Panda dial watches are a major topic in the watch collecting community, and for good reason. The dials are rare, eye-catching, and appear on universally loved chronographs. The iconic black-on-white dials first appeared on chronographs in the 1960s, after which their appeal quickly grew. The added legibility of the contrasting black sub-dials on white attracted watch buyers then, and still does to this day.
Simply put, a panda dial is typically found on a chronograph watch with three sub-dials at 3, 6, and 9 o’clock. The watch must have a solid white, cream, or silver dial to achieve the panda look.
The “panda” nickname (which has never been an official name of any watch) originated from the sub-dials mimicking the markings of a panda’s face, with two eyes in black at 3 and 9, and a black nose at 6 o’clock. Once you’ve seen a panda dial and know its nickname, it’s hard to unsee the image of the bear after that.
Legibility was likely the original purpose for and a key factor of the panda dial design. The black sub-dials stand out against the white, making them easier to spot and read. There was an obvious novelty factor that accompanied the panda dial as well, and these two attributes combined to stoke demand.
Below are some of the most famous watches with panda dials.
1. Rolex Daytona Cosmograph
Some early panda dials that stand out in collectors’ minds will certainly be found on Rolex Daytona Cosmographs. The legendary Paul Newman Rolex Daytona has a panda dial. In those days, Rolex’s chronograph movement was actually made by Zenith, the best chronograph manufacturer on the market in the 1960s.
2. Zenith El Primero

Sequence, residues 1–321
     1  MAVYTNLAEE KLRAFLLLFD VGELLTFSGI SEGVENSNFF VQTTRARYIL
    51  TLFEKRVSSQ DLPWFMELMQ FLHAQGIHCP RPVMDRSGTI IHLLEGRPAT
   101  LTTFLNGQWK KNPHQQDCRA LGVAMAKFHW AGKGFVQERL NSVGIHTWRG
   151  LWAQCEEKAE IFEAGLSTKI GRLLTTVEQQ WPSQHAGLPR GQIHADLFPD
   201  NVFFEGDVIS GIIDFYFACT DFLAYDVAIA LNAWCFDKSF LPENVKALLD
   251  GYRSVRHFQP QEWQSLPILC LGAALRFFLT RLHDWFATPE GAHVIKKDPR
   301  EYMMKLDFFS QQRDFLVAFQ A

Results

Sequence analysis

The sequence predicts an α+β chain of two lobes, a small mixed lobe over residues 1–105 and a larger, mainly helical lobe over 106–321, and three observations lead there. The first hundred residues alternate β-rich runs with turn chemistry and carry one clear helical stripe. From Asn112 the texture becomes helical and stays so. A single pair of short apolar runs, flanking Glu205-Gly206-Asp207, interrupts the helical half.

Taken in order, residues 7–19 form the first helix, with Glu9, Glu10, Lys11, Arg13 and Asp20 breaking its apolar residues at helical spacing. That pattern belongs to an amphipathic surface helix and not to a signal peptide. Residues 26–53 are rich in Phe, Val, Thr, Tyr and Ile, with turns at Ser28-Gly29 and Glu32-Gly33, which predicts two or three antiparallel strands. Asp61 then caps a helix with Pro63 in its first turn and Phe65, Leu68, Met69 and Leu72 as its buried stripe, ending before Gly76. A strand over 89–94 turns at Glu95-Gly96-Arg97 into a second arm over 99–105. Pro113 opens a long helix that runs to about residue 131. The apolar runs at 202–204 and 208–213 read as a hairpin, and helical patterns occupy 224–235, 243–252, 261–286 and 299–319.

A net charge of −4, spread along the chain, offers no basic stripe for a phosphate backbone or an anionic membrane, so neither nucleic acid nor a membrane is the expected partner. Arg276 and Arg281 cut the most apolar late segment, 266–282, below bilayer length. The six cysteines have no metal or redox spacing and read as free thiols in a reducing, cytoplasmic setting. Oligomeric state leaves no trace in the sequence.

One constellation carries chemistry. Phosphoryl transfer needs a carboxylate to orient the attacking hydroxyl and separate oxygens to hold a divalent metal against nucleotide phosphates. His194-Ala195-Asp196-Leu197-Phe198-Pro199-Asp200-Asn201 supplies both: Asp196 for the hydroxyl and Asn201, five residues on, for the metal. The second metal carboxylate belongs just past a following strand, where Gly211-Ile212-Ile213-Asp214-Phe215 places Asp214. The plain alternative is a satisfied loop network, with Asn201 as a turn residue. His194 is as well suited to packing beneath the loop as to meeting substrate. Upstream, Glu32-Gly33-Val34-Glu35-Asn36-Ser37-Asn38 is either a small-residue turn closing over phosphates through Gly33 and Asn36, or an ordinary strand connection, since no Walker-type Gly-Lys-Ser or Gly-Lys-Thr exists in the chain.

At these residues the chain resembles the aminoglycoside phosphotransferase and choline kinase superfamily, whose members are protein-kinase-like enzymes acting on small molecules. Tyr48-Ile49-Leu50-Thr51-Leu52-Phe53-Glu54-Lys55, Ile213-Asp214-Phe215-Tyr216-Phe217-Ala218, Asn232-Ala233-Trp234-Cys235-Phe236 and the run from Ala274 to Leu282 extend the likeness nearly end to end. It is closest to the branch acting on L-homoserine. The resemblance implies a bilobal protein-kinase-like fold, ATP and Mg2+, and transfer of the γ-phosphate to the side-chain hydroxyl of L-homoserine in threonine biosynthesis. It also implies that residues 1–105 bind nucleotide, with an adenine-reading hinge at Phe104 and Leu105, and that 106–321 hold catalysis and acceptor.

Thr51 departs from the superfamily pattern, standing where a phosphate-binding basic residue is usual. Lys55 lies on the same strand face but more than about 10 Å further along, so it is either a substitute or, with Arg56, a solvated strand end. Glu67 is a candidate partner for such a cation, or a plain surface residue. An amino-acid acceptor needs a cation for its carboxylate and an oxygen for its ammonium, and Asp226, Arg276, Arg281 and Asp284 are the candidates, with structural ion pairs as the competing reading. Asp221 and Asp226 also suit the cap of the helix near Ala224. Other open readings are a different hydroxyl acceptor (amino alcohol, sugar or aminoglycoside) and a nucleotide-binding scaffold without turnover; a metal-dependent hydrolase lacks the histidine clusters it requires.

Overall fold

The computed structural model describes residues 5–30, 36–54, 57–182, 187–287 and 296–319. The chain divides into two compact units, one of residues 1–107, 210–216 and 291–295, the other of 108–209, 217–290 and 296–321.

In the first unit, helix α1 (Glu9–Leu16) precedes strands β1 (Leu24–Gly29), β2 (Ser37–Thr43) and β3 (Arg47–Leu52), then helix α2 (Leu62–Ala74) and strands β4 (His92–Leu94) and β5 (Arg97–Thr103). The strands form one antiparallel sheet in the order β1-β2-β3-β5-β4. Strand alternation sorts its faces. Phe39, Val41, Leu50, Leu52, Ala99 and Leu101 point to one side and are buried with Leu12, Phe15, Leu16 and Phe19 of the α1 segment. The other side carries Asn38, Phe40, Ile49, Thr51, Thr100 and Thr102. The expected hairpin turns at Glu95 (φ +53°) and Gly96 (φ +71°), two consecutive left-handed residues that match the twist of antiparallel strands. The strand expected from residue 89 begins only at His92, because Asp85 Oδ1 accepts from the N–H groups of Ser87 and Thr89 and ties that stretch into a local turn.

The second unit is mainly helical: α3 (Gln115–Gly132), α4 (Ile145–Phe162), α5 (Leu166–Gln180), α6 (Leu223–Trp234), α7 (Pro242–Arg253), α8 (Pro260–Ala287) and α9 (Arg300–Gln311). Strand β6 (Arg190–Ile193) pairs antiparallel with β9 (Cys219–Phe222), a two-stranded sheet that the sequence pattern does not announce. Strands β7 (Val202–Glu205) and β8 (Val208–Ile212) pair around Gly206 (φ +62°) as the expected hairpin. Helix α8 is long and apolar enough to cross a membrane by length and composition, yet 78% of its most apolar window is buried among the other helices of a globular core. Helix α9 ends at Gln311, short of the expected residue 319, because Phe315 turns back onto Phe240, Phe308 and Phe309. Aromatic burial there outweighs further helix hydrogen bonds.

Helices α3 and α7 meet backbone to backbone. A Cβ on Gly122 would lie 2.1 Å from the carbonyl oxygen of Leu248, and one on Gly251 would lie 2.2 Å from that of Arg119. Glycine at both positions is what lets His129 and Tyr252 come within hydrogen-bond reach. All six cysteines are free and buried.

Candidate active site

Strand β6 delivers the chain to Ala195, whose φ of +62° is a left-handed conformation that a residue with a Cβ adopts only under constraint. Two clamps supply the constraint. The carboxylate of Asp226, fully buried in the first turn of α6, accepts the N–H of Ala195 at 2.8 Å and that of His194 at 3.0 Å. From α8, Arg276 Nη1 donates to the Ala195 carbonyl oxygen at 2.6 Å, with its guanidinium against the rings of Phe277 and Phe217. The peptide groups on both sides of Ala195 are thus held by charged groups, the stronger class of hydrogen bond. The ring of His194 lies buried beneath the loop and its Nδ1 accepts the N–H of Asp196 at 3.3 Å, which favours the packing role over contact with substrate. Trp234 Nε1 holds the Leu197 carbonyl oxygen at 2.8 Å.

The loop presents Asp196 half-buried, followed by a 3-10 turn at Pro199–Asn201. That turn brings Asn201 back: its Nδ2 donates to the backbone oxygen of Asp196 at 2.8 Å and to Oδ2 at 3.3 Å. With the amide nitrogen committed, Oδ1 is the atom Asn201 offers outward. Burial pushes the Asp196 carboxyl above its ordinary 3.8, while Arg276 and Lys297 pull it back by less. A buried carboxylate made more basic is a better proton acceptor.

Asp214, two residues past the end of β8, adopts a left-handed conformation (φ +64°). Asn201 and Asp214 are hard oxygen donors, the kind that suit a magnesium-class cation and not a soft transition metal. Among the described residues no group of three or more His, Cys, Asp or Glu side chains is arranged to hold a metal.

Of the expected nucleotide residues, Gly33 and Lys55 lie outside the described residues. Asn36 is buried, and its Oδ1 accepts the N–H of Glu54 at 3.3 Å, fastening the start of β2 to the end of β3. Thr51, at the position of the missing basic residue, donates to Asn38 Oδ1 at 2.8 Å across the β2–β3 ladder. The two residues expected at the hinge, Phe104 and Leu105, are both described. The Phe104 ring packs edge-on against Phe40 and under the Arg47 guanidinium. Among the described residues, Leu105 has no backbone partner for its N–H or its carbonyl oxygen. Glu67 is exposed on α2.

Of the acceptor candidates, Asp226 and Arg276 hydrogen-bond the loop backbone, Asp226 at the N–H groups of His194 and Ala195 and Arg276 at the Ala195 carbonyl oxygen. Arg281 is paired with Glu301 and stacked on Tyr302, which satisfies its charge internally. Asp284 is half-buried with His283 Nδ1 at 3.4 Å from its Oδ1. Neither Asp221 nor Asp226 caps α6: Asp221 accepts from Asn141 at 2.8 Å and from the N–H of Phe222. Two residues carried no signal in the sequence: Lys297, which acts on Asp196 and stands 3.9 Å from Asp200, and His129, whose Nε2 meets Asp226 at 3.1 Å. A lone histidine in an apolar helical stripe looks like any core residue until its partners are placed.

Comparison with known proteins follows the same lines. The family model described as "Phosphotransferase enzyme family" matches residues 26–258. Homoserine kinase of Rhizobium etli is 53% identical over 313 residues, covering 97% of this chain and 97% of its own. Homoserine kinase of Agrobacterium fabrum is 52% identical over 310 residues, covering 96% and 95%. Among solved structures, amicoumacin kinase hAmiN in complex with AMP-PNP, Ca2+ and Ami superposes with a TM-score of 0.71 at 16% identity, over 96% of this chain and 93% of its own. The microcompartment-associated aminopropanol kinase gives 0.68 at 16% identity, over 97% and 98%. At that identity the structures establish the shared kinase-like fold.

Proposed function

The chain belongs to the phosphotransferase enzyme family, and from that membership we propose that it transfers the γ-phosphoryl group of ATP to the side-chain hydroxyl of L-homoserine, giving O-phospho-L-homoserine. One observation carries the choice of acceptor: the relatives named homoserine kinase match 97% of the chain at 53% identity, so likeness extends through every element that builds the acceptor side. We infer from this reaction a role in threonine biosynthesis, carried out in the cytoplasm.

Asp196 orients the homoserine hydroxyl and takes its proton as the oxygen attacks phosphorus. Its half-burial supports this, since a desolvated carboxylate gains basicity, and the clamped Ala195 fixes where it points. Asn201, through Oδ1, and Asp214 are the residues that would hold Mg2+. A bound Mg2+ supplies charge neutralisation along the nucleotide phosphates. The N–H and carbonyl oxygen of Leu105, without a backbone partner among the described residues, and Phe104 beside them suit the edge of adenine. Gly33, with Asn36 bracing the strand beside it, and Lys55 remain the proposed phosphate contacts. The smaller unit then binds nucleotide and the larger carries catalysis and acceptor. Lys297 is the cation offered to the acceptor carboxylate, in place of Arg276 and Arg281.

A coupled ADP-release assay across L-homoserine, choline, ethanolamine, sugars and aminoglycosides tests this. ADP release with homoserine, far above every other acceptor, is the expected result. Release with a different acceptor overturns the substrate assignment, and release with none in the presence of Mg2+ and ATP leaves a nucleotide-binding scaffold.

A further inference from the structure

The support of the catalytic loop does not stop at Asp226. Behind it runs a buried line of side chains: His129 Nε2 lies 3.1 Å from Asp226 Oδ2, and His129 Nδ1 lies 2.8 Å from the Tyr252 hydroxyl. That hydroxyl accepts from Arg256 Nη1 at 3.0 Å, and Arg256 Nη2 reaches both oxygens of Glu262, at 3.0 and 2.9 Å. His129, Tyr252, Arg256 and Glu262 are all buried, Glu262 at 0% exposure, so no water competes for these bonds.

Speaking of Zenith, there are other great brands that have created panda dial timepieces, one fine example of which is the Zenith El Primero, powered of course by legendary Zenith chronograph movements. Zenith, although very popular among collectors and aficionados, is less well-known than some other top brands. Even so, you can’t go wrong with an El Primero, and those in the know will understand and appreciate what you have on your wrist.
3. Audemars Piguet Royal Oak
The Audemars Piguet Royal Oak first appeared on the scene in 1972 at Baselworld. With its hexagonal case shape, a panda dial Royal Oak offers a different vibe to its round-case competitors. It’s not quite the classic look seen with a chronograph, and the black and white dial in some ways doesn’t have the same race-car look as round-case chronographs do. But make no mistake, the Royal Oak chronograph, like every other watch Audemars Piguet makes, is top tier through and through.
4. TAG Heuer Autavia Chronograph
An interesting fact about TAG Heuer is that it’s not the brand’s original name. Edouard Heuer founded the brand, and for decades it was simply called Heuer. In 1985, Heuer was bought by the TAG (Techniques d’Avant Garde) Group, and the brand was renamed TAG Heuer. What’s fascinating about the Autavia collection is that Heuer made the first dashboard timer for race cars, calling it Autavia, a combination of “automotive” and “aviation.” Heuer chronographs were always known for their precision. The Heuer Autavia Chronograph with a panda dial is a truly handsome watch, with a robust and precise movement.
Watches With Panda Dials: Forever Iconic
Due to their relative rarity and iconic status in the watch world, panda dial watches are relatively certain to increase in value in the coming the years. Paul Newman’s Rolex Daytona and its well-publicized, record-breaking 2017 sale no doubt brought more public attention to panda dials than ever before, with the panda look firmly ensconced on the must-have lists of many collectors.